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Any Experience: Trenchless Sewer Line Repair Re-Piped?

Discussion in 'Everything Else Homestead Living' started by Nifty, Jan 17, 2016.

  1. Jan 18, 2016
    Nifty

    Nifty Almost Self-Reliant Administrator

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    Here's the foaming root killer I'm going to try: http://amzn.to/1OsJgub

    The reviews are really good and I'm hoping it will keep the roots away. For $20 every 6 - 12 months, it's hopefully going to be a great pro-active fix!
     
  2. Jan 18, 2016
    Nifty

    Nifty Almost Self-Reliant Administrator

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    Hmm... since we just got our sewer line cleaned I'm wondering if I should wait until there is a bit more growth before applying this stuff or just do it now?
     
  3. Jan 18, 2016
    Britesea

    Britesea Sustainability Master

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    It sounds as if this is the right time to use it. A lot of the reviews mentioned that it doesn't work to dissolve a root mass, but is more of a preventive product.
     
  4. Jan 20, 2016
    baymule

    baymule Sustainability Master

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    I would probably use it a little more often to make sure the roots don't grow back in the line.
     
  5. Jul 14, 2016
    Nifty

    Nifty Almost Self-Reliant Administrator

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    A quick update:

    I did my 2nd treatment of the root killer foam about a week ago.

    There's really no way to know if it's working... I mean, maybe after a few years of constant treatment goes by without any problems I could assume it's doing the trick.
     
  6. Jul 17, 2018
    Nifty

    Nifty Almost Self-Reliant Administrator

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    Ugh, I got lazy and paid the price (which was $70) :(

    I kept putting off doing more treatments. I kept thinking "oh, I'll do it when the roots are growing during the Spring" or "I'll do it after the roots have grown"... etc. So, the roots grew and the line backed up yesterday. I had to call out the rooter / snake to free it up.

    :he


    While they were here, they offered to inspect my line with a camera and give me a quote on trenchless replacement. The terracotta pipe was in BAD shape and there were lots of places in the connections where roots were coming into the line.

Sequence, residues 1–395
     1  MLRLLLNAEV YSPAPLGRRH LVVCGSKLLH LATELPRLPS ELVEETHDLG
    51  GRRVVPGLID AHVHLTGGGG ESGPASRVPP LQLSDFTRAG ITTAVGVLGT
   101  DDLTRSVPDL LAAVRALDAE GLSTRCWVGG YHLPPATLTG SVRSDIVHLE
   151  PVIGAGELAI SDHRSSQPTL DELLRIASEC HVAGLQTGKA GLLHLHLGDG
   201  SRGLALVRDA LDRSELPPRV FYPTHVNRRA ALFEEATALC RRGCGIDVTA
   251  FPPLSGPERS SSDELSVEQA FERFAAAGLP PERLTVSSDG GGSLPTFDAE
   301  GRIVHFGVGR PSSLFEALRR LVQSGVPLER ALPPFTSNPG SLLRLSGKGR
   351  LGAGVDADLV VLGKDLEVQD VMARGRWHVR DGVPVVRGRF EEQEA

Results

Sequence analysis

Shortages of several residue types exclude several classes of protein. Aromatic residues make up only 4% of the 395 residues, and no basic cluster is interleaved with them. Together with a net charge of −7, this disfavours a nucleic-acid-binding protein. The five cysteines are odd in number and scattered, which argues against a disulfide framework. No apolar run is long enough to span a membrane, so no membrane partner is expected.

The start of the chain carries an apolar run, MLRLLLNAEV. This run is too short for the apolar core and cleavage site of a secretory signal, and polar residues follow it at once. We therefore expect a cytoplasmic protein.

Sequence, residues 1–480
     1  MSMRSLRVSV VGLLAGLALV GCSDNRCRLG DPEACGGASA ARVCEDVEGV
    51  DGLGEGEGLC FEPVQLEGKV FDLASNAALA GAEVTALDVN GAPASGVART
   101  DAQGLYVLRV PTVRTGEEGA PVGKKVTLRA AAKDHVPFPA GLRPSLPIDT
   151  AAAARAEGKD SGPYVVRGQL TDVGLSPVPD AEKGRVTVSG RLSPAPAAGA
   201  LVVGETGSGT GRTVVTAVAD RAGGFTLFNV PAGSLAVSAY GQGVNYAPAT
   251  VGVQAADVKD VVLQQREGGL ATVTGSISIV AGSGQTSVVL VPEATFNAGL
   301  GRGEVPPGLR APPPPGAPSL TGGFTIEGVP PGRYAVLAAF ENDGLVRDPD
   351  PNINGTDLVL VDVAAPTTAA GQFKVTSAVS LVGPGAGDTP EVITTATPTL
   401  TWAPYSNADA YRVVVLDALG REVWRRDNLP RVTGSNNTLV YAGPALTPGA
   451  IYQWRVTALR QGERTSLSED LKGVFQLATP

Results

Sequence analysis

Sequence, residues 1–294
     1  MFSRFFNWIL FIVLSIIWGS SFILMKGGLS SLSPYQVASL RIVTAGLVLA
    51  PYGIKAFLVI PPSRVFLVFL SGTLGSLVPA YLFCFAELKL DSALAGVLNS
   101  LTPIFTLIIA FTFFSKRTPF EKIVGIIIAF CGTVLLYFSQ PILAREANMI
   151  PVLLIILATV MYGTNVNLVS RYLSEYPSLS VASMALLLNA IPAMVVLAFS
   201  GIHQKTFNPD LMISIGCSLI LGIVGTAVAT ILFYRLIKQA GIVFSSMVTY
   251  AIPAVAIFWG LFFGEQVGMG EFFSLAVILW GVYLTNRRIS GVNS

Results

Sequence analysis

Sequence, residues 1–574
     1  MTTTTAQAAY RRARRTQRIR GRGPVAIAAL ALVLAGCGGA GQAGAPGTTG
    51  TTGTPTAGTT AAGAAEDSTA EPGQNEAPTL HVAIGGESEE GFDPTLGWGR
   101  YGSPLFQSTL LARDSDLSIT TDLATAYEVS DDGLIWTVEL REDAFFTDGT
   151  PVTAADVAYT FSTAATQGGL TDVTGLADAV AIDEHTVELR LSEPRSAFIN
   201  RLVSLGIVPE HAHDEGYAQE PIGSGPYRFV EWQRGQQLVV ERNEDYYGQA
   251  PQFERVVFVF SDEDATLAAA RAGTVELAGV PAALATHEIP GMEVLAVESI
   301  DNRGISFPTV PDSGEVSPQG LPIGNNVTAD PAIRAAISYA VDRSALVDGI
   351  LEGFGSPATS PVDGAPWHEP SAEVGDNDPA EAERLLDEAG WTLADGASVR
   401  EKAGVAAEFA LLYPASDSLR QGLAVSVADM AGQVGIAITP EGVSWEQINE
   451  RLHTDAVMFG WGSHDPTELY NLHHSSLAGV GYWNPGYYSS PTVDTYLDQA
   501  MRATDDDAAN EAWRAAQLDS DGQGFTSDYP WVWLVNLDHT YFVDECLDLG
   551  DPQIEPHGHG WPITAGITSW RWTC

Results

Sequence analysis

The job is 66 feet of sewer line replacement and three connections (two by the house and one at the street). The quote for the work was $8,600 :barnie

    I really should get the line replaced, but part of me keeps thinking I could maybe get-by if I stuck to the cleaning / chemical process on a more regular basis.
     
  7. Jul 19, 2018
    Britesea

    Britesea Sustainability Master

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    Well, y'know... the price will just go up, the longer you wait (just like everything else). We just had our septic tank pumped this year (managed to go nearly 8 years before we had to) and the price has more than doubled. Partly because there's only one place in the county they can dump now-- and it's 3 hours' drive away.
     
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  8. Jul 19, 2018
    Nifty

    Nifty Almost Self-Reliant Administrator

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    Good points.

    I'm going to get a few different bids. Hopefully I can find something a little less expensive than $8,600!!
     
  9. Jul 24, 2018
    Nifty

    Nifty Almost Self-Reliant Administrator

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    The lowest bid I've received is $5,500. The most recent company did a camera / video of the line and said it actually doesn't look terrible except for the root entry at various points in the terracotta line.

    I'm very tempted to just pay to have the line rooted / snaked each year (regardless of if it's backing up) vs. having this whole job done right now. At $100 a time (even if I have to do it 2x a year) it's a lot cheaper than $5,500!
     
  10. Aug 17, 2018
    Nifty

    Nifty Almost Self-Reliant Administrator

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    Well, the $5,500 guy lowered his bid because:

    1) We live on a private unpaved road, so his costs to repair the road went down
    2) He was between projects and if I could get him in next week he'd do it for cheaper.

    Due to this, he offered to do it for $4,500.

    My brother had a good point that I'd have to get it done at some point if/when I sell the house, and it will be more expensive because a guy that's building houses down the street will be paving it, so the #1 item above isn't going to be a saving.

    So, I had it done. Here's a pic of the pipe being pulled through the line:

    trench1.jpg
     

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